Friday, May 11, 2012

ASA Targets Cranmer's Coalition for Marriage Ad

Thomas Cranmer, Archbishop of Canterbury, exer...
Thomas Cranmer, Archbishop of Canterbury, exerted a powerful influence on Edward's Protestantism. (Photo credit: Wikipedia)

The Advertisng Standards Authority has written to the pseudonymous conservative blogger Bishop Cranmer over an advert on his site which supports the Coalition for Marriage - a UK-based lobby group seeking to maintain the legal definition of marriage as between one man and one woman.

The ASA has apparently received ten complaints from members of the public that the advert in question is homophobic. His Grace has responded to the ASA's intervention in his typically robust style. His response is worth reading, not least of all so that readers can see the allegedly offensive ad itself.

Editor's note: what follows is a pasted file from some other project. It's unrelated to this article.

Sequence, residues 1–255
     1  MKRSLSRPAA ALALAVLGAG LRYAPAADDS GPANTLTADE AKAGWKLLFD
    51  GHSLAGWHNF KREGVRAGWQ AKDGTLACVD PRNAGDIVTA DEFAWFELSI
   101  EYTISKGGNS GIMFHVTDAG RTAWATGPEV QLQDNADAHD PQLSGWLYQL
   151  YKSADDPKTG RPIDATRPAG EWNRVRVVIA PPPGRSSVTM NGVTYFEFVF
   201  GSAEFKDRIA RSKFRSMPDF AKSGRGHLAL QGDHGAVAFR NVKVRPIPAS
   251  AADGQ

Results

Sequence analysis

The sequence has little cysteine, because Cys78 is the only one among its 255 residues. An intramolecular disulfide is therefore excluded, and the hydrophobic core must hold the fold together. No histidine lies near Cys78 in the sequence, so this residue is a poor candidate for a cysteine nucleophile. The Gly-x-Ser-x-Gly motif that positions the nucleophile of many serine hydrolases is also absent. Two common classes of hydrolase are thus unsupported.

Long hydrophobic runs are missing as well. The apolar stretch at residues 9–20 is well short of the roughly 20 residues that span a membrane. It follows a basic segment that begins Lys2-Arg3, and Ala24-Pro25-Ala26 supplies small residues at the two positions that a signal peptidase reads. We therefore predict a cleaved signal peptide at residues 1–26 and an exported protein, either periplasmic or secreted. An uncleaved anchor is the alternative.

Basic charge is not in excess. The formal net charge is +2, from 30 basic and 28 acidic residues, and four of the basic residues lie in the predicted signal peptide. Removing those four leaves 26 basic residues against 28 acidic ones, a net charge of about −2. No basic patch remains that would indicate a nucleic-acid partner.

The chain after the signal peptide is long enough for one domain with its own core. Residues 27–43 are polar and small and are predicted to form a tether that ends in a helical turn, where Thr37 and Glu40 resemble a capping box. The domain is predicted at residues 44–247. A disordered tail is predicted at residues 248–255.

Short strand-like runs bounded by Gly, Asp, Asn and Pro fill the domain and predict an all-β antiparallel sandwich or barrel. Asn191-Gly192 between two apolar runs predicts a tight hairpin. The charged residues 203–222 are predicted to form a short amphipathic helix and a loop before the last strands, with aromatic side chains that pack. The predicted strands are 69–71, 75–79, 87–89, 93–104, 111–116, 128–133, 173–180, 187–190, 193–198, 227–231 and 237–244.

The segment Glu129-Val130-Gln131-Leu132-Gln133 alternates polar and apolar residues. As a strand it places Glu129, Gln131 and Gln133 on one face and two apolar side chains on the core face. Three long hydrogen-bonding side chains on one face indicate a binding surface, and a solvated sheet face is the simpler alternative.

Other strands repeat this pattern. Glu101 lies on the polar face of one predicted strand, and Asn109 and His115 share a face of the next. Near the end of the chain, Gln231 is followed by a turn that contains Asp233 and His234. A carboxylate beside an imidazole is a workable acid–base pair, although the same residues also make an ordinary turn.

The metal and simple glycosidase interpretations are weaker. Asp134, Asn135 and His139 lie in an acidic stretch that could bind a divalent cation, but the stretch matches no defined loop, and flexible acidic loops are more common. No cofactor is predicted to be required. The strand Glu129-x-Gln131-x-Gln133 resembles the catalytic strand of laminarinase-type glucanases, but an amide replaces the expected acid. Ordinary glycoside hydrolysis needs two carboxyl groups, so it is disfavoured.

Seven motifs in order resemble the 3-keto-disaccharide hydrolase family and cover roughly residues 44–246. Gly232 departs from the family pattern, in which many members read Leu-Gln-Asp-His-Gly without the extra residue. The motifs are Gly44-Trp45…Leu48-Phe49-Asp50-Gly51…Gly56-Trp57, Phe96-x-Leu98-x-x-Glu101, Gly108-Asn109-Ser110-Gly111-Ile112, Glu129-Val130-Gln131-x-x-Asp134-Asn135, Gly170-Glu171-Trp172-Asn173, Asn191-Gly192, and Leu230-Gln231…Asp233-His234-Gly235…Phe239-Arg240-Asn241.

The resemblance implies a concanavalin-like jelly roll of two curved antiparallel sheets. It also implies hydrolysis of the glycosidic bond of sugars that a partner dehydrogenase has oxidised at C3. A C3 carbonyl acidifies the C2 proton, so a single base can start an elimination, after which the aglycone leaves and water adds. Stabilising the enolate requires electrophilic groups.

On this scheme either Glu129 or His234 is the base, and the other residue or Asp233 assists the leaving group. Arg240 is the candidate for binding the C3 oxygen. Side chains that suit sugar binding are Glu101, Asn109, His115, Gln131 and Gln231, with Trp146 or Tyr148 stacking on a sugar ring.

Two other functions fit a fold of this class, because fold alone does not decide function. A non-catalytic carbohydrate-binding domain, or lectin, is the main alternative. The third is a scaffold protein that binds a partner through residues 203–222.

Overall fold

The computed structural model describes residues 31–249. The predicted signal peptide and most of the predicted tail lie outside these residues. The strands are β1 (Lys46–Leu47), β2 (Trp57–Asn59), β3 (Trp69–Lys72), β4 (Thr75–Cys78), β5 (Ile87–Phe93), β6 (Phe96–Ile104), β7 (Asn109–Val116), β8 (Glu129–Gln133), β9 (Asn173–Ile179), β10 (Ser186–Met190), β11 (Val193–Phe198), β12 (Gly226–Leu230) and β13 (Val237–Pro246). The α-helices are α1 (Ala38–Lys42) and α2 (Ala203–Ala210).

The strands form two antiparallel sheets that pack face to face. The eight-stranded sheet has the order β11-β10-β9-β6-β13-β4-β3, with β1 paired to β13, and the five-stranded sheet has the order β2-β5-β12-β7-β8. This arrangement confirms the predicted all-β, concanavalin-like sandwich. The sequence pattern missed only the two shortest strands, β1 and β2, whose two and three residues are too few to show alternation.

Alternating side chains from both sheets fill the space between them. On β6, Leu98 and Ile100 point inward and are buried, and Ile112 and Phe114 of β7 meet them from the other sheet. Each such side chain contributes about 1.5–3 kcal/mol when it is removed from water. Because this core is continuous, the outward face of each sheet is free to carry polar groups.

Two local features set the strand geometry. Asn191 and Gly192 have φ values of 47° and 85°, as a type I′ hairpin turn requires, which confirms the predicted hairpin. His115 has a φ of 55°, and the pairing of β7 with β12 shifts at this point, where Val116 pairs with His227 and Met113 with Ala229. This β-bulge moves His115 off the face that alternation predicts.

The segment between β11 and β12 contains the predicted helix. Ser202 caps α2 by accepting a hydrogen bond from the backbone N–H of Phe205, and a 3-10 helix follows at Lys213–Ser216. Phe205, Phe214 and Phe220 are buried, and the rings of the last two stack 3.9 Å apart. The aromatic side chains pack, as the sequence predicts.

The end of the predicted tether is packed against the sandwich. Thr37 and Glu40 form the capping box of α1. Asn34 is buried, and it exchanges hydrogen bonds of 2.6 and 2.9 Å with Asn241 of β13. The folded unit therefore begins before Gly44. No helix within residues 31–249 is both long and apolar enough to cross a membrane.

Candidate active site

Although I am not fully in agreement with all of His Grace's individual political views, I strongly agree with his fundamental right to express opinions that others might find disagreeable. I quote from Cranmer's site:

Freedom of speech must be tolerated, and everyone living in the United Kingdom must accept that they may be insulted about their own beliefs, or indeed be offended, and that is something which they must simply endure, not least because some suffer fates far worse.

As for the advert itself, I would be fascinated to hear from any reader who could please explain in what way it could ever be considered homophobic.

The C4M has received over half a million signatures so far for its petition in support of its campaign. Interested parties can read and sign it here if they are so inclined. 

If you enjoyed this post, get free updates by email or RSS.
Enhanced by Zemanta

1 comment:

genghis said...

I have posted the 'offending' advert on my own site, and would urge everyone who believes in freedom to do the same. Lets see how many get an e-mail from the Advertising Standards people, and how many would take the slightest bit of notice of either the ASA or the Jewich gays and lesbians who are presumably one of the complaining parties.